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Hugh Likes Comics: Heist

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Heist, or How To Steal a Planet #1
Written by Paul Tobin
Drawn by Arjuna Susini
Colored by Vittorio Astone
Lettered by Saida Temofonte
Published by Vault Comics

HLC Heist

The Skinny: A love letter to Science Fiction Noir and the start of something great.

Theirs something about Sci-Fi Noir that I find inexplicably cool. GIve me the rain-soaked neon of Blade Runner, the pitiless urban sprawl of the BAMA. Heist delivers a whole new world of grimy future crime, and it does it with a love for the grubby subgenre on its sleeve. Welcome to Grave City.
The planet Heist was the last Independent hold-out against the monolithic Dignity Corporation. Glane Breld took the fall when Dignity took over. And the man who set him up took his car. Now Glane’s a free man again, and he has a lot of work ahead of him if he wants to put together a crew skilled enough to steal the planet back again.
Heist #1 is one of those rare great comics where the writer and artists are working in perfect synchronicity. Tobin’s writing sets up the characters and the world well, without being too dense. Susini’s art is grimy and evocative of the great indie sci-fi comics of the 80’s and 90’s. This comic feels like how fans talk about 2000 AD. Astone’s colors wash the whole thing in a murky shadowscape that is absolutely perfect and sets the right level of menace for the underground of Grave City.
Heist #1 is a dirty, rotten jewel of a Sci-Fi Crime comic. This is going to be a big one, and you can pick it up at your local shop, or digitally from Comixology. Go out and get it.

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Hugh Likes Comics: Made Men

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Made Men #1
Written by Paul Tobin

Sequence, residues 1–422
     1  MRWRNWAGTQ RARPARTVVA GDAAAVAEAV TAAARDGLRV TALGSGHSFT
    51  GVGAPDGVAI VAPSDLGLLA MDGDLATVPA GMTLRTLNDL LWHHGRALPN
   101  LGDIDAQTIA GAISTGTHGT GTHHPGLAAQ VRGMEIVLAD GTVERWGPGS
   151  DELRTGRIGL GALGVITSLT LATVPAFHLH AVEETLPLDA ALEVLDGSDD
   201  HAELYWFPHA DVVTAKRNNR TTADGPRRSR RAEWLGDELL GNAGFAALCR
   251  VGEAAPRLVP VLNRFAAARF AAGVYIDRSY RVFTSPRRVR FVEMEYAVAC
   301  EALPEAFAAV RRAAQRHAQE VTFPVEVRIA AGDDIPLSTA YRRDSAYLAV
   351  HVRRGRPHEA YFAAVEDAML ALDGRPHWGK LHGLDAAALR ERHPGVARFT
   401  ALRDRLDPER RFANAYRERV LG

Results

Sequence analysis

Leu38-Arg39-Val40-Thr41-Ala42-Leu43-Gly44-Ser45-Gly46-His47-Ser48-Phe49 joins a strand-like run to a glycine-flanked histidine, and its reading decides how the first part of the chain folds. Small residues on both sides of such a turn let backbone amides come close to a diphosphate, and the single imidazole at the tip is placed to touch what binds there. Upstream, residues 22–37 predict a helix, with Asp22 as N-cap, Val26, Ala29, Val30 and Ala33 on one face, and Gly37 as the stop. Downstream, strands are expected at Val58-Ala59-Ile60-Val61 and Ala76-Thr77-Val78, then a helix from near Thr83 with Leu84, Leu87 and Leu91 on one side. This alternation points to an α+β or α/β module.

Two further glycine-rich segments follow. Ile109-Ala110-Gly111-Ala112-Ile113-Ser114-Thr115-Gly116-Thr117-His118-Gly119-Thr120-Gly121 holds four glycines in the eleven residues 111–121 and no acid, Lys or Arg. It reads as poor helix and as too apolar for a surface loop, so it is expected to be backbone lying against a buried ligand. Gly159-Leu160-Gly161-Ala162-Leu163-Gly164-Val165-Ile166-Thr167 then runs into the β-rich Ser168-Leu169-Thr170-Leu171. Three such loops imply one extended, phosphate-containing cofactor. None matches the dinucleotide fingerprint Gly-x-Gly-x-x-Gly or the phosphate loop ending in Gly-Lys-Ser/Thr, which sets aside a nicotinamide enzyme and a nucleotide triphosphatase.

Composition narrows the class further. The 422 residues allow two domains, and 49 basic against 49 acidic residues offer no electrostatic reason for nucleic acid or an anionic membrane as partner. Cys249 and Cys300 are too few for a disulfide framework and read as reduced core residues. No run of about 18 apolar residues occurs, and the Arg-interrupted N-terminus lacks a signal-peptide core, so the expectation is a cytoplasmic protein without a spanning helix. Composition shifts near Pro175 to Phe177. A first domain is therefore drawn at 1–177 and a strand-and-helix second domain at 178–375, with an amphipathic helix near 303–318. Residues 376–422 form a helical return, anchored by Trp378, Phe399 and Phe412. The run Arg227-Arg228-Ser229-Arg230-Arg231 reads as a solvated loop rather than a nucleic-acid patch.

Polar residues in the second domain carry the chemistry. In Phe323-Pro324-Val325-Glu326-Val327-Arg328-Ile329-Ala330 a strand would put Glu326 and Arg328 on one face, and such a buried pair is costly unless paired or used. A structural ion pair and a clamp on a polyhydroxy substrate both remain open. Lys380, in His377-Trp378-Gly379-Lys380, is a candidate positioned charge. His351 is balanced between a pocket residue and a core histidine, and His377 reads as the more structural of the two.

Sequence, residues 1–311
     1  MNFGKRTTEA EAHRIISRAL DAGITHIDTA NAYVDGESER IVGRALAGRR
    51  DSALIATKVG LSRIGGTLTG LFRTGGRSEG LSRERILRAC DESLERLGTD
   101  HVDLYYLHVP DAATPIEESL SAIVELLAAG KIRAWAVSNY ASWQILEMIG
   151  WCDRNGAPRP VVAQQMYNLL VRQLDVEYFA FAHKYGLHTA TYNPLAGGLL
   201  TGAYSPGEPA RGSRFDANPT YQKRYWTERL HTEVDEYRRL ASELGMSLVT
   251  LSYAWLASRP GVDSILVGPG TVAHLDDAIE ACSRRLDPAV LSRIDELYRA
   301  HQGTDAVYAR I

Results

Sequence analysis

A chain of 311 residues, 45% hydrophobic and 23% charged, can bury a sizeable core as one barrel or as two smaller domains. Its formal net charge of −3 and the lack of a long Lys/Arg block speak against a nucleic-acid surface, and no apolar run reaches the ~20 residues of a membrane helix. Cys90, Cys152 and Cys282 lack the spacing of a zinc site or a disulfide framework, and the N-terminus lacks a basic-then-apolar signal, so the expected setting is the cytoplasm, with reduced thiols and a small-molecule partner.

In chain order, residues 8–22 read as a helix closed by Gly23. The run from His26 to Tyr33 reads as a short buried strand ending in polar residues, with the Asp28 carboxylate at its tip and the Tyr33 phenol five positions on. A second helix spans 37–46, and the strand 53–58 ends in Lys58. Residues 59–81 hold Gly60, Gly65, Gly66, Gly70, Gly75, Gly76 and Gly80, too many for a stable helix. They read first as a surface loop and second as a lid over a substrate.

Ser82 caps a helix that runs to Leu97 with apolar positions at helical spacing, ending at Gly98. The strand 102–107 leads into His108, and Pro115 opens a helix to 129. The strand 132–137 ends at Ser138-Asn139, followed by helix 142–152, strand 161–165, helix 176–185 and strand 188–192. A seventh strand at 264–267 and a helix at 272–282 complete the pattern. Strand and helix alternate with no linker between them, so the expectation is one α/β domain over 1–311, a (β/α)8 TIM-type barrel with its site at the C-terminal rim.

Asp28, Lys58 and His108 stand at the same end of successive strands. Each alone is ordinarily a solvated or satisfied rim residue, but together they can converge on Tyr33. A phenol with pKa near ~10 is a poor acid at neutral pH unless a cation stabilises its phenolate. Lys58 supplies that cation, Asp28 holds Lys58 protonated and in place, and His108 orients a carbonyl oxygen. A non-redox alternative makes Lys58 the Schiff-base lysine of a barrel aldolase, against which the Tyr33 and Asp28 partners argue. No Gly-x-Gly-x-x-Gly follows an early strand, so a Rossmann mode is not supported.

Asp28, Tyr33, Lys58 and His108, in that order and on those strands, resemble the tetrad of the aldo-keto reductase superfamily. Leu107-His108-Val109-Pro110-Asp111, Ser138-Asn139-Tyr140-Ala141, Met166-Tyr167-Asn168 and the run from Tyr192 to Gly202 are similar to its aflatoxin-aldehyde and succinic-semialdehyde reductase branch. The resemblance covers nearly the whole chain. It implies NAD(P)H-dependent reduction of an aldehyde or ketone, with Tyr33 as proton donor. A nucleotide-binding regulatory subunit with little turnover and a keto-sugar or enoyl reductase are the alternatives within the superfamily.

Drawn by Arjuna Susini
Colored by Gonzalo Duarte
Published by Oni

mademen

Frankenstein Revenge Noir. It’s a beautiful concept, and Tobin and Susini pull it off brilliantly in “Made Men.” The book opens with a bloodbath, a hit on a team of police officers. The whole squad is mercilessly gunned down. But the squad’s leader isn’t exactly who she says she is. She’s a Frankenstein, and after one of her grandmother’s recipes allows her to survive the bullets, she’s entering the family business to get revenge.
Tobin’s script goes off at just the right clip to toss us into this revenant revenge tale. Susini’s art is a perfect tonal match, gritty and visceral with just the right level of gore. Duarte’s colors are muted and lurid, exactly like the old school pulp the story evokes.
As a collaborative medium, a comic works best when the art and text either support each other completely, or diverge in interesting ways. “Made Men” does the former, and it is exquisite. We get some outstanding montages, as Jutte Frankenstein narrates on top of the gothic-noir art. If you’re a fan of classic noir or classic horror, this is a fantastic start to something you won’t want to miss. You can find Made Men #1 at your Local Comics Shop, or digitally through Comixology!
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